Jesse, 19, was found alive in hospital on Tuesday and Winona, 17, remains unaccounted for.

11:15am - Ovation of the Seas passenger Joanne told AAP the situation was "dreadful".

The ship arrived in Sydney just before dawn on Monday.

"They're people, people that went on my holiday of a lifetime that I've waited 50 years for and they never got to come home," Joanne told AAP.

White Island eruption as it happened: New Zealand remembers victims one week on
Photo credit: Newshub/Emma Cropper

10:20am - There's a close-eye on the mental health of emergency service workers one week on from the eruption.

Police Commissioner Mike Bush says between the eruption and the Christchurch shooting, it's been a tough year for frontline staff.

"They are professionals but at the same time we have to give them a lot of support, because they see and do things that no other New Zealanders should have to do," Bush told Magic Talk.

Where to find help and support:



9:57am - Civil Defence says response agencies remain "deeply committed" to the goal of recovering the two remaining bodies.

"Meanwhile, the process of identifying victims and releasing bodies to their loved ones is ongoing in Auckland," a statement says.

"Police will continue to release the names of those who have died as soon as they are able to."

9:45am - An Ovation of the Seas passenger has described the dark mood on the ship following the White Island eruptuon disaster.

The ship arrived in Sydeny just before dawn on Monday. Twenty-four passengers were on the island when it erupted.

"[It was a] bit sombre," passenger Troy told Channel Nine's Today programme. "I think the captain was breaking down crying a fair bit."

9:16am - Recovery teams are doing all they can to recover those left on the island, Police Commissioner Mike Bush told Magic Talk.

Attempts to recover those remaining two bodies are continuing, he says.

"It can take days and weeks," Bush says. "We know that and we will continue our searches."

Mike Bush.
Mike Bush. Photo credit: Newshub.

9:07am - Police Commissioner Mike Bush says they won't give up on recovering the remaining two bodies.

"We will continue to search for those two people for as long as there's a possibility of finding them," he told Magic Talk's Steven McIvor.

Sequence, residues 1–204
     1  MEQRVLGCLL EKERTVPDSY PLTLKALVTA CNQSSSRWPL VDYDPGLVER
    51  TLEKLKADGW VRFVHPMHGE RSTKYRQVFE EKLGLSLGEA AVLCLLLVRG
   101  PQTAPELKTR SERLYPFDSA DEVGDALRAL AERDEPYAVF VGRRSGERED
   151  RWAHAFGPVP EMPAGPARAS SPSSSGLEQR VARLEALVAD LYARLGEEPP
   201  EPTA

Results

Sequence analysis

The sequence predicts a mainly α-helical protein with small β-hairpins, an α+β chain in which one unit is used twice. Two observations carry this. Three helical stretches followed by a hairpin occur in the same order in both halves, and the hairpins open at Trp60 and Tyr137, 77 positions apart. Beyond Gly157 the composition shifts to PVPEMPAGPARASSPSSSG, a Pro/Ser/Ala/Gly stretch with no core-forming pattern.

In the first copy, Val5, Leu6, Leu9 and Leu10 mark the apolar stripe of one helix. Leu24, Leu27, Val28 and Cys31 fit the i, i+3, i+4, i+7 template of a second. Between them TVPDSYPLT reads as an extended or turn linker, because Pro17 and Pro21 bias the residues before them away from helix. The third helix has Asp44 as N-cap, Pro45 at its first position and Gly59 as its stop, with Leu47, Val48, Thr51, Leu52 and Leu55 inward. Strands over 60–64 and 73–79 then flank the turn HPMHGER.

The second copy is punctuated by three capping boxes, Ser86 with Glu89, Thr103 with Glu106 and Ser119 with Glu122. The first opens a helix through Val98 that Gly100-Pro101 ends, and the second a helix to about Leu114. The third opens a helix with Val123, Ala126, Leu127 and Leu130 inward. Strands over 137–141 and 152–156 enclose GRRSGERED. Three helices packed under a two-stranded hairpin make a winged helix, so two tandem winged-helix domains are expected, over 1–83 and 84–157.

8:58am - Robert Ovadia from 7 News says the Ovation of the Seas cruise ship arrived in Sydney just before dawn on Monday.

"[It's] a terrible time," he told Channel 7's Sunrise programme. "To have ended so terribly with 24 Australians on that island at the time [of the eruption] - is a terrible, terrible outcome."

8:52am - Newshub reporter Lisette Reymer says nationwide recognition is just what Whakatane needs.

The government has called for the country to observe a minute of silence 2:11pm, exactly a week after the volcano erupted.

"A week on feels like it could be a month ago that this started," Reymer told Magic Talk's Steven McIvor. "So much has happened and every day there's a new chapter.

"I think a lot of people are looking forward to having this moment of silence; a moment to take stock."

8:36am - Australia's Foreign Minister Marise Payne will be in New Zealand from Monday until Wednesday.

"While in Wellington, I will meet with New Zealand Prime Minister Jacinda Ardern, and my counterpart, Deputy Prime Minister and Minister of Foreign Affairs, Winston Peters, to express our deep appreciation for the professional and quick response to the New Zealand emergency and medical services and the care they have provided to the Australian survivors of the eruption," Payne said in a statement on Sunday.

8:03am - The Ovation of the Seas Cruise Ship is now docked in Sydney, local media report.

Twenty-four people from the cruise ship went to the island last Monday.

Read more here.

7:58am - It's decision time for the specialist recovery team searching for the remaining two missing bodies on the island.

One of the two bodies is thought to be in the water, while a search on Sunday failed to find the other, which was believed to be on the island.

Newshub reporter Lisette Reymer says that's sparked a rethink on where to look.

"Whether they continue to head back out to the island to search on land for that one body; that's what they're nutting out now, or whether they're going to commit all their resources to the water search," she told Magic Talk's Steven McIvor.

7:54am - A hero pilot who rescued people in the immediate aftermath of the eruption says he may have to shut his business down.

Mark Law was one of the many selfless Kiwis who rushed to help dozens of people who were severely burned.

Law says Whakatane will be "greatly affected" by the eruption.

"We're anticipating probably damn near shutting the doors. It's going to be devastating, we've been operating that part of our business for years," he told Reuters.

Read more here.

7:38am - Newshub's Lisette Reymer told Magic Talk's Steven McIvor White Island had been the pride and joy of Whakatane.

"It's something that had always been celebrated and now it's haunted, really, by this sadness."

7:31am - Whakatane Mayor Judy Turner told Newshub some people may have a delayed reaction to the tragedy.

"I think people need to know that it's not too late at any stage if they feel the need for some additional support."

7:30am - Newshub reporter Lisette Reymer says there's been some uncertainty where the second remaining body is.

One is believed to be in the water.

7:25am - Whakatane Mayor Judy Turner says the community is holding up well following the tragedy.

She paid tribute to Ngāti Awa for their role as tangata whenua in leading and caring for victim's families.

"That's been incredibly helpful, and has made quite a difference," Turner told Newshub.

"[It's] particularly appreciated by international media and international families who were affected."

7:12am - A minute's silence will be observed on Monday for the victims of the disaster.

Police on Sunday night released more names of those killed, including 13-year-old Matthew Hollander and 16-year-old Berend Hollander, both Australian residents from the US.